• A Short Survey of Integrating Urban Agriculture and Environmental Planning
    Authors: Rayeheh Khatami, Toktam Hanaei, Mohammad Reza Mansouri Daneshvar, Keywords: Urban agriculture, environmental planning, urban planning, literature. DOI:10.5281/zenodo. Abstract: The growth of the agricultural sector is known as an essential way to achieve development goals in developing countries. Urban agriculture is a way to reduce the vulnerability of urban populations of the world toward global environmental change. It is a sustainable and efficient system to respond to the environmental, social and economic needs of the city, which leads to urban sustainability. Today, many local and national governments are developing urban agriculture as an effective tool in responding to challenges such as poverty, food security, and environmental problems. In this study, we follow a perspective based on urban agriculture literature in order to indicate the urban agriculture’s benefits in environmental planning strategies in non-western countries like Iran. The methodological approach adopted is based on qualitative approach and documentary studies. A total of 35 articles (mixed quantitative and qualitative methods studies) were studied in final analysis, which are published in relevant journals that focus on this subject. Studies show the wide range of positive benefits of urban agriculture on food security, nutrition outcomes, health outcomes, environmental outcomes, and social capital. However, there was no definitive conclusion about the negative effects of urban agriculture. This paper provides a conceptual and theoretical basis to know about urban agriculture and its roles in environmental planning, and also conclude the benefits of urban agriculture for researchers, practitioners, and policymakers who seek to create spaces in cities for implementation urban agriculture in future.
  • Mechanical Properties of Cement Slurry by Partially Substitution of Industry Waste Natural Pozzolans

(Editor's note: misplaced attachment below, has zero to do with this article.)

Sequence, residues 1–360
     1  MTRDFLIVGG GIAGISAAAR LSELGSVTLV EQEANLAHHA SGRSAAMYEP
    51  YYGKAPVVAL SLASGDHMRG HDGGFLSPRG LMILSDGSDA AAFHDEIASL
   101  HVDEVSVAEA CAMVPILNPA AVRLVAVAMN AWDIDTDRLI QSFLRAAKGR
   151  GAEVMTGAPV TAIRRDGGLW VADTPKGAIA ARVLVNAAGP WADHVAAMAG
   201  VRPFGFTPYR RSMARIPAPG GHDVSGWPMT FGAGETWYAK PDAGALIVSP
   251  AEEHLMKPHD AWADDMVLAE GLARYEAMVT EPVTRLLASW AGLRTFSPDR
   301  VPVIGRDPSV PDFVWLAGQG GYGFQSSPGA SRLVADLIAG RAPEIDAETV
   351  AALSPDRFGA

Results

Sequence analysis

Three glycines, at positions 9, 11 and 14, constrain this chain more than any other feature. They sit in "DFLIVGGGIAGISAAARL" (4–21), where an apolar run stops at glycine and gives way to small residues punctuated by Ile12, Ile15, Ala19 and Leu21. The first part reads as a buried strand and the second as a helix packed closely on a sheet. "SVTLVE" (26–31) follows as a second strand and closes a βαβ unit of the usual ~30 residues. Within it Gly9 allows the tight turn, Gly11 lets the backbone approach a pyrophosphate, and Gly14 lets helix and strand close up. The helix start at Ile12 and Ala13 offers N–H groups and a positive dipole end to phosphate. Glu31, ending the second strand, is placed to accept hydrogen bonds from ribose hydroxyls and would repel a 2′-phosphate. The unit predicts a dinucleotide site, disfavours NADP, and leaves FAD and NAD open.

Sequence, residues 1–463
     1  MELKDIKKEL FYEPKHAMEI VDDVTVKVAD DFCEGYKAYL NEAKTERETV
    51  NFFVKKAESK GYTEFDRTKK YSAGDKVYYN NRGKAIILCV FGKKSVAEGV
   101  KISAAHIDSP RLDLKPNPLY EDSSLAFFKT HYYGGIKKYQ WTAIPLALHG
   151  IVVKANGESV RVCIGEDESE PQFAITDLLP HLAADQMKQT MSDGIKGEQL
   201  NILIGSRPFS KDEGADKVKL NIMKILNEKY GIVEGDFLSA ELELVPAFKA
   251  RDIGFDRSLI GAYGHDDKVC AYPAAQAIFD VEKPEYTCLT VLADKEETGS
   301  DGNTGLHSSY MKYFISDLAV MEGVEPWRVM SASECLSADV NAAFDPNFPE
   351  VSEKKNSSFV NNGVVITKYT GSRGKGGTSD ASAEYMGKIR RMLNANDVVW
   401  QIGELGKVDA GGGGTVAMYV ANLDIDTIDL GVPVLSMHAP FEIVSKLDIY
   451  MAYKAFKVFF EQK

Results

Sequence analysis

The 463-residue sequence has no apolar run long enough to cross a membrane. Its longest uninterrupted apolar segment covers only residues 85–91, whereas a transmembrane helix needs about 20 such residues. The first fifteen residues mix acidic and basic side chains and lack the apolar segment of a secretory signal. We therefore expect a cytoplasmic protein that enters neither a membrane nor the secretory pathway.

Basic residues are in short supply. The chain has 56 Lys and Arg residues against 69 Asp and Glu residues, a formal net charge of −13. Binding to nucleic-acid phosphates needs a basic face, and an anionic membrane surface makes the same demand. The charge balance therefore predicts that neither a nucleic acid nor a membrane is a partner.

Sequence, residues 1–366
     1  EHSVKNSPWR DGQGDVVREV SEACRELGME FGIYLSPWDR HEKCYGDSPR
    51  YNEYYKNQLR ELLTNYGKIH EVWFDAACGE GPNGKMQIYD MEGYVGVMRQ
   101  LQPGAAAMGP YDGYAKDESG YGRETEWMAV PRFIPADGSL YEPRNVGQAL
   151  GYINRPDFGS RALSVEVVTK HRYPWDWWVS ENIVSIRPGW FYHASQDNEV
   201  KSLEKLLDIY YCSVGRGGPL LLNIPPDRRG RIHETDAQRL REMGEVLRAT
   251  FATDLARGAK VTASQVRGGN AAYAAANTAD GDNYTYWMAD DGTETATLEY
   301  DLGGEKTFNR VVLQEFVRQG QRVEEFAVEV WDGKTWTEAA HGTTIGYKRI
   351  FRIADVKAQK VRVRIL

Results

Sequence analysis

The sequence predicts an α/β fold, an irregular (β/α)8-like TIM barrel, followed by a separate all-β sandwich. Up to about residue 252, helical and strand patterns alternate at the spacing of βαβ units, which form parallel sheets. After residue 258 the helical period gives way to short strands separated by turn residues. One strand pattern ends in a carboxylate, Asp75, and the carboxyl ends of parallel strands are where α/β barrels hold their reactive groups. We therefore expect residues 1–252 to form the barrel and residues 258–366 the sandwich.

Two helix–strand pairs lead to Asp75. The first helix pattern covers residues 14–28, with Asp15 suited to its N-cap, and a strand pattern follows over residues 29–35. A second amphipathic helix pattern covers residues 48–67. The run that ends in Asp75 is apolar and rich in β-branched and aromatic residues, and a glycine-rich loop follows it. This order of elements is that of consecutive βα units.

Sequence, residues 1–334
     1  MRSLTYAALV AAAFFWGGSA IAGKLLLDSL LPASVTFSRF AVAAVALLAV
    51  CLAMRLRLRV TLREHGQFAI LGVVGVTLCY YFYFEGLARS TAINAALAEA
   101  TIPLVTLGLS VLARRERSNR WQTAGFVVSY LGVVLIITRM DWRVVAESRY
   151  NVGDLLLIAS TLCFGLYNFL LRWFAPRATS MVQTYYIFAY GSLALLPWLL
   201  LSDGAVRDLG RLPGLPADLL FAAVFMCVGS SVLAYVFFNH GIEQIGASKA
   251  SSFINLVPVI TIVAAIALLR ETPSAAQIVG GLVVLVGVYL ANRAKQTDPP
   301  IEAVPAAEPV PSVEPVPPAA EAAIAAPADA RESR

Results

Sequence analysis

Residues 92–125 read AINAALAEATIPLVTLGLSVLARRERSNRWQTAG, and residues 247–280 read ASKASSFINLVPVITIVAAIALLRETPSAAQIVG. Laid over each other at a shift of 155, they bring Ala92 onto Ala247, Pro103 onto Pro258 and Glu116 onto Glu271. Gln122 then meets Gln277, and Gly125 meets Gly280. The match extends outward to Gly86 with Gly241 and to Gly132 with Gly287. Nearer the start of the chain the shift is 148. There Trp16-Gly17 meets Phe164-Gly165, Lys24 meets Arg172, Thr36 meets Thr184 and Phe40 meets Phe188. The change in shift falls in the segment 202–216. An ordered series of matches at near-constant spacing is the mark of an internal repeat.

Authors: R. Ziaie Moayed, S. P. Emadoleslami Oskoei, S. D. Beladi Mousavi, A. Taleb Beydokhti, Keywords: Cement replacement, cement slurry, environmental threat, natural pozzolan, silica fume, waste material. DOI:10.5281/zenodo. Abstract: There have been many reports of the destructive effects of cement on the environment in recent years. In the present research, it has been attempted to reduce the destructive effects of cement by replacing silica fume as adhesive materials instead of cement. The present study has attempted to improve the mechanical properties of cement slurry by using waste material from a glass production factory, located in Qazvin city of Iran, in which accumulation volume has become an environmental threat. The chemical analysis of the waste material indicates that this material contains about 94% of SiO2 and AL2O3 and has a close structure to silica fume. Also, the particle grain size test was performed on the mentioned waste. Then, the unconfined compressive strength test of the slurry was performed by preparing a mixture of water and adhesives with different percentages of cement and silica fume. The water to an adhesive ratio of this mixture is 1:3, and the curing process last 28 days. It was found that the sample had an unconfined compressive strength of about 300 kg/cm2 in a mixture with equal proportions of cement and silica fume. Besides, the sample had a brittle fracture in the slurry sample made of pure cement, however, the fracture in cement-silica fume slurry mixture is flexible and the structure of the specimen remains coherent after fracture. Therefore, considering the flexibility that is achieved by replacing this waste, it can be used to stabilize soils with cracking potential.
  • Investigating the Thermal Characteristics of Reclaimed Solid Waste from a Landfill Site Using Thermogravimetry
    Authors: S. M. Al-Salem, G.A. Leeke, H. J. Karam, R. Al-Enzi, A. T. Al-Dhafeeri, J. Wang, Keywords: Polymer, TGA, Pollution, Landfill, Waste, Plastic. DOI:10.5281/zenodo.3593214 Abstract: Thermogravimetry has been popularized as a thermal characterization technique since the 1950s. It aims at investigating the weight loss against both reaction time and temperature, whilst being able to characterize the evolved gases from the volatile components of the organic material being tested using an appropriate hyphenated analytical technique. In an effort to characterize and identify the reclaimed waste from an unsanitary landfill site, this approach was initiated. Solid waste (SW) reclaimed from an active landfill site in the State of Kuwait was collected and prepared for characterization in accordance with international protocols. The SW was segregated and its major components were identified after washing and air drying. Shredding and cryomilling was conducted on the plastic solid waste (PSW) component to yield a material that is representative for further testing and characterization. The material was subjected to five heating rates (b) with minimal repeatable weight for high accuracy thermogravimetric analysis (TGA) following the recommendation of the International Confederation for Thermal Analysis and Calorimetry (ICTAC). The TGA yielded thermograms that showed an off-set from typical behavior of commercial grade resin which was attributed to contact of material with soil and thermal/photo-degradation.